The Widow’s Rancher – 28

YOU need to understand that as a prominent woman of the town there are certain rules you have to live by. As we all do.” Rebecca went on.

Nadia stood up again.

“Neither myself or my husband believe in living by anybody else’s rules but our own. It is time for you to leave. I’m not interested in what you have to say or what petty beliefs you or the rest of the town hold. My husband and his sons are the only people whose opinions I am concerned with.”

“You do grasp the girl’s mother had Indian blood and her father spends most of his time in the saloon?”

“Yes, I do. I also understand Sissy’s mother was a wonderful woman who loved her daughter and cared for her well. Unfortunately, she didn’t get the chance to live long enough to see Sissy grow older than eight years old. As such I consider it my duty and a privilege to look out for Sissy in her place. She is a sweet young woman who I am proud to call my friend.”

“You can’t possibly feel that way,” Miss Moore insisted. “The girl has savage blood inside her and her father is the town drunk. She is created with bad –”

“Ladies, you will leave my home this minute,” Nadia ordered, all pretence of politeness vanished.

Miss Moore slowly rose to her feet.

“You are making a mistake by taking the girl’s side. The women of this town will be less than impressed with your attitude.”

“The only mistake I have made is allowing you to ride this far on to my husband’s land without taking a shotgun to your carriage. I shall say it one last time − leave my home and don’t you dare return. And I do mean both of you.”

She stayed rooted to the porch and watched the two women return to the carriage and ride away. When she turned to head back to the garden, she found Sissy standing at the corner of the building. By her expression, Nadia guessed she’d heard some of the conversation.

“Is it true what they said about me? Am I bad?” she asked, her lower lip trembling.

Nadia rushed up to her and grabbed her by the shoulders.

“You are a beautiful young girl who constantly makes me proud. You are gentle and sweet and one day all the single men in this county are going to fight over you. Ignore Hester and Miss Moore. Their hearts are full of spite. Their kind are not happy unless they can cause misery to others.”

“But if everyone thinks like they do…” Sissy mumbled.

Nadia cupped Sissy’s face.

“Sissy, you are a lovely, special angel and the people who matter see it. Listen to them and not others. Trust me, please.”

Sissy smiled weakly.

Nadia cuddled her close, loving the girl as much as if she were her own flesh and blood.

“How about I help you pick the rest of the vegetables and then we make some lemonade?”

Sissy nodded and hugged her back.

“Can I take a glass to Dawnie and Ed?”

“Of course. I’m sure they’re thirsty and hot in this weather, too. We’ll cut some cake to go with it.”

*    *    *    *

Diggory entered the house through the back door, his gaze going immediately to his wife busy pounding a large lump of bread dough on the kitchen table. Her expression bordered on murderous.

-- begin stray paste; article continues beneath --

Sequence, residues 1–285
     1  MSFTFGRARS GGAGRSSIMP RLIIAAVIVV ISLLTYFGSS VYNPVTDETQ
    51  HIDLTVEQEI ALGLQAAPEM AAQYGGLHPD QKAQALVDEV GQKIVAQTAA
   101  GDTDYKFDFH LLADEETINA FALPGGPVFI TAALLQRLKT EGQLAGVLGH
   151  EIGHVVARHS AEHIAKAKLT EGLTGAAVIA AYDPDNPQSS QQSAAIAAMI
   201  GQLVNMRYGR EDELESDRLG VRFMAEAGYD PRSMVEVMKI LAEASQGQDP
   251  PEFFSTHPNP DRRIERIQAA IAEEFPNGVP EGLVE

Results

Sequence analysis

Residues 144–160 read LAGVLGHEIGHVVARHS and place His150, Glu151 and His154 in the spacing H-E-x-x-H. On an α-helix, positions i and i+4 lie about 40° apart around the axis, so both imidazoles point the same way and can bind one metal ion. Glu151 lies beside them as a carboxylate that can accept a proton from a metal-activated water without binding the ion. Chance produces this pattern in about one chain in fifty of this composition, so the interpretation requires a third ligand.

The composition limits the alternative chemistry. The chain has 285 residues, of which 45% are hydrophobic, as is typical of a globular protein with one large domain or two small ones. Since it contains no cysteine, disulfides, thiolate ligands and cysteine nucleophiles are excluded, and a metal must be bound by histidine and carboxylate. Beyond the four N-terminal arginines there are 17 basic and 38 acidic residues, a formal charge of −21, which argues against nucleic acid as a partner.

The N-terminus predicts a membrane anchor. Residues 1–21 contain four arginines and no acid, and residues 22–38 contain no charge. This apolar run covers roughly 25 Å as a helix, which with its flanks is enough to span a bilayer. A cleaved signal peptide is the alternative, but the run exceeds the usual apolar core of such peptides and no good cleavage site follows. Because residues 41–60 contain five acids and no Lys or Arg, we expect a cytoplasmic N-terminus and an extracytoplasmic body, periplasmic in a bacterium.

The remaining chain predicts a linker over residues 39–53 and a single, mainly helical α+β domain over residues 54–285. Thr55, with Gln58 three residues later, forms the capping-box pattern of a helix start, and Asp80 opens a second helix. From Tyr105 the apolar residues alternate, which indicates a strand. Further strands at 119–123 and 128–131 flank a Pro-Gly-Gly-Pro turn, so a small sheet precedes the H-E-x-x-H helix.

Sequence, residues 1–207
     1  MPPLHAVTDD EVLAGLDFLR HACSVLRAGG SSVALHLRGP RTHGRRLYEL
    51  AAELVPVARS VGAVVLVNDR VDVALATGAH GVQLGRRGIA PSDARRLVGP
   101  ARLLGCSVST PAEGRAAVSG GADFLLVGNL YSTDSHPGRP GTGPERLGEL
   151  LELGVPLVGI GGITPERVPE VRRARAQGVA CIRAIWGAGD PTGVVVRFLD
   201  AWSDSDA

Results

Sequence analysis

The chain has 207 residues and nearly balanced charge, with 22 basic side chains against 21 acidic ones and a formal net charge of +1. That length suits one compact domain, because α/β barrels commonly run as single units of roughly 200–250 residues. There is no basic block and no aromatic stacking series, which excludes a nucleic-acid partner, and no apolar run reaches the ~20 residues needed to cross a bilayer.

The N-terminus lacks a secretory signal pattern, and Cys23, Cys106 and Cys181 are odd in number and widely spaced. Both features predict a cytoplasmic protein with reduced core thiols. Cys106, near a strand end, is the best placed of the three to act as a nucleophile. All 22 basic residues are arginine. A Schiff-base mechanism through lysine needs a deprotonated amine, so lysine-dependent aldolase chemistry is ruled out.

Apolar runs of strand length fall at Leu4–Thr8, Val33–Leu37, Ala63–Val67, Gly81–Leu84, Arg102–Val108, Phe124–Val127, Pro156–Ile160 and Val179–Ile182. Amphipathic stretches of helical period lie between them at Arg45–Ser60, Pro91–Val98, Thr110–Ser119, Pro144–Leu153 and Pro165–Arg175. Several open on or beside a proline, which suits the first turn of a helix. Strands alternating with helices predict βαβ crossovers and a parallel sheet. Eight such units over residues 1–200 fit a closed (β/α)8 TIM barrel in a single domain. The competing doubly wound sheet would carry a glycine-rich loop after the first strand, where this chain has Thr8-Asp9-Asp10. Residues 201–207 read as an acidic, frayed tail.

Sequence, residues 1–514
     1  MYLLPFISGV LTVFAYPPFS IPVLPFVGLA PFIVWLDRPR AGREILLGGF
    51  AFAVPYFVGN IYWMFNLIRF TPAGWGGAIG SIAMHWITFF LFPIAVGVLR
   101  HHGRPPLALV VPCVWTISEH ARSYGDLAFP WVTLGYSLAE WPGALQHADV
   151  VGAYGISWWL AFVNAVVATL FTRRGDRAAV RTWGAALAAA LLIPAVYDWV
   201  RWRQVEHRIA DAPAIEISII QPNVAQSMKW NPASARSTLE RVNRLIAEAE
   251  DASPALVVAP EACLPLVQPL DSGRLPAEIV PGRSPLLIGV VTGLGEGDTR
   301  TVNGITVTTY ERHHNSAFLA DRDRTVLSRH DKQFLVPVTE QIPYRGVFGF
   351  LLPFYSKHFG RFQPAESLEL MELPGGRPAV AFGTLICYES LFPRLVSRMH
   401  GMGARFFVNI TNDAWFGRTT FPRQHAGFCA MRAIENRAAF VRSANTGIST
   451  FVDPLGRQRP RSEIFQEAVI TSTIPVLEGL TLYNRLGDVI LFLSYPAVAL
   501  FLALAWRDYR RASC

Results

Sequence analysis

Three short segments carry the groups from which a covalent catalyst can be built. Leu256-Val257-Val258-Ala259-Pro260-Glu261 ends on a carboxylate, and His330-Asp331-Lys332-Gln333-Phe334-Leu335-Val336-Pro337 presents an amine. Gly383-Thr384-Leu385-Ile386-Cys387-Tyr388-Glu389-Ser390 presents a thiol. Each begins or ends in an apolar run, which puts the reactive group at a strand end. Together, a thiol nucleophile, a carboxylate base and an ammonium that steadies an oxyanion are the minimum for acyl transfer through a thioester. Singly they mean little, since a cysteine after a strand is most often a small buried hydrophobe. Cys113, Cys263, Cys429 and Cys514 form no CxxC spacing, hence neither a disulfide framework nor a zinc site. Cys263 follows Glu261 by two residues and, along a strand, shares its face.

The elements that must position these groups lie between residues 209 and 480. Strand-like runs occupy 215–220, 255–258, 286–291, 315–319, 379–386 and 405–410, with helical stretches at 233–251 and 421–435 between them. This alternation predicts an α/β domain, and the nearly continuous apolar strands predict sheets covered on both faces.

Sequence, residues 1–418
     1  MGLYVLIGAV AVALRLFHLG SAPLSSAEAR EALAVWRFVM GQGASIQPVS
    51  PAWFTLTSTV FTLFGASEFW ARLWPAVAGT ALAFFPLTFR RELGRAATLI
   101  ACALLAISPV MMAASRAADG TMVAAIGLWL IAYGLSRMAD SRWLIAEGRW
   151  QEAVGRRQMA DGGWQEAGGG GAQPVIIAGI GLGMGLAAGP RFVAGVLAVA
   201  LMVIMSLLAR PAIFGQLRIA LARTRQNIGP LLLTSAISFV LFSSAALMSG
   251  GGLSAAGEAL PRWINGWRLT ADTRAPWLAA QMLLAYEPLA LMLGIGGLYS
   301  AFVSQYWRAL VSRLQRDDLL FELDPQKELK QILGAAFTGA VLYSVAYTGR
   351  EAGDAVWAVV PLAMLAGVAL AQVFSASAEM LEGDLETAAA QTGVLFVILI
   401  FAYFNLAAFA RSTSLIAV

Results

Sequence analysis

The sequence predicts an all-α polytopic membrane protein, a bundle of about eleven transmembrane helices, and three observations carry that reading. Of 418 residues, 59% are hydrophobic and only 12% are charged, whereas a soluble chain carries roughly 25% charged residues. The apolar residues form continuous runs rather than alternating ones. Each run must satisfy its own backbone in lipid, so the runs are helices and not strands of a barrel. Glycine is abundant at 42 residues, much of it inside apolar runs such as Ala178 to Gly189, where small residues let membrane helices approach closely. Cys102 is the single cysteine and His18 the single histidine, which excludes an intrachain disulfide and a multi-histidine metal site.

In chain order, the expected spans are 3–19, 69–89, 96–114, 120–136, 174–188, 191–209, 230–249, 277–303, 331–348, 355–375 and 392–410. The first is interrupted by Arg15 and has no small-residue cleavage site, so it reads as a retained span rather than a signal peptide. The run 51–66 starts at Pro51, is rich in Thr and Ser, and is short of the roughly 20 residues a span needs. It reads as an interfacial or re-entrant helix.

“Is there something wrong, Nadia?”

“Yes, husband, there is. Hester,” Nadia hissed through her gritted teeth, “and Rebecca Moore.”

Diggory sighed, not surprised. He had heard rumours from the boys and his men each time one of them came back from town. It seemed some people resented Nadia’s charitable nature.

“What have they done?”

“Other than being their usual rude, unhelpful and awkward selves? Rebecca Moore had the nerve to come here to our home and insult Sissy.”

“Are either of them still breathing?” he teased.

He didn’t believe for a second that Nadia hadn’t set the two women firmly in their place. His wife was sweet and caring, but she guarded Sissy like a mama dog did her pup.

She stopped kneading the dough and placed her flour-covered hands on her hips.

“It was awful, Diggory. The things they said about Sissy and her mother. The child already thinks people look at her as some inferior being, without those two making her feel dirty and unworthy. Do you have any idea how she was treated in school?” He shook his head.

“No, I don’t.”

“Terribly, that’s how. And now she’s older and people still think they can bully her.”

“Hester’s an outspoken girl.”

“Are you defending her behaviour?” Nadia asked in horror. “She came here to stir up mischief.”

“Of course not,” he denied, worried the dough might end up on his head. “I’m just not surprised. Word is she’s moved back in with her parents in town. Toby gave her an ultimatum − get along with everyone here or go back to town.”

He strolled over to her and pulled her into his arms, as always giving her comfort when he suspected she most needed it.

“This house is your domain and if you want to kick anyone out, I’ll not interfere.”

“Good, because I can’t stomach the girl any longer. And Rebecca Moore is as bad.”

“I’ll speak to Toby and explain why she’s not to come back. I’d hate to lose him as a foreman if he decides to follow her, but I’ll not allow her or anyone else to be rude to any member of this family. Maybe he can talk some sense into her.”

He tilted her face up to his and smiled down at her.

“Sissy is welcome in our home and anyone who doesn’t like it can find somewhere else to live. The child needs the love of a family.”

“Thank you,” Nadia whispered.


Tracey Steel

Having worked on a number of magazines over the years, Tracey has found her perfect place on The Friend as she’s obsessed with reading and never goes anywhere without a book! She reads all the PF stories with a mug of tea close by and usually a bit of strong cheese too!